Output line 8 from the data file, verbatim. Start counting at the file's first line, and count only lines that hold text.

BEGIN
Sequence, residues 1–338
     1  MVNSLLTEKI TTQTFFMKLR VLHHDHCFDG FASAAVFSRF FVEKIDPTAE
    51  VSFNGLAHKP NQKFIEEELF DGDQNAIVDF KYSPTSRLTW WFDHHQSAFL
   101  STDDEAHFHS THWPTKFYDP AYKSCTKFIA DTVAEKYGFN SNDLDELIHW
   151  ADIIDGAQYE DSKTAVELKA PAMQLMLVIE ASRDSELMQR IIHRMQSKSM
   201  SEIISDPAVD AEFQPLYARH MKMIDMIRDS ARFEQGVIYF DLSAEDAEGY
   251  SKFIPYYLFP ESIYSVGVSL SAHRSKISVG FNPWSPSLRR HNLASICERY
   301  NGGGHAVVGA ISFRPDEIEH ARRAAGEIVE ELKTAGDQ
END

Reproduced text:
   301  NGGGHAVVGA ISFRPDEIEH ARRAAGEIVE ELKTAGDQ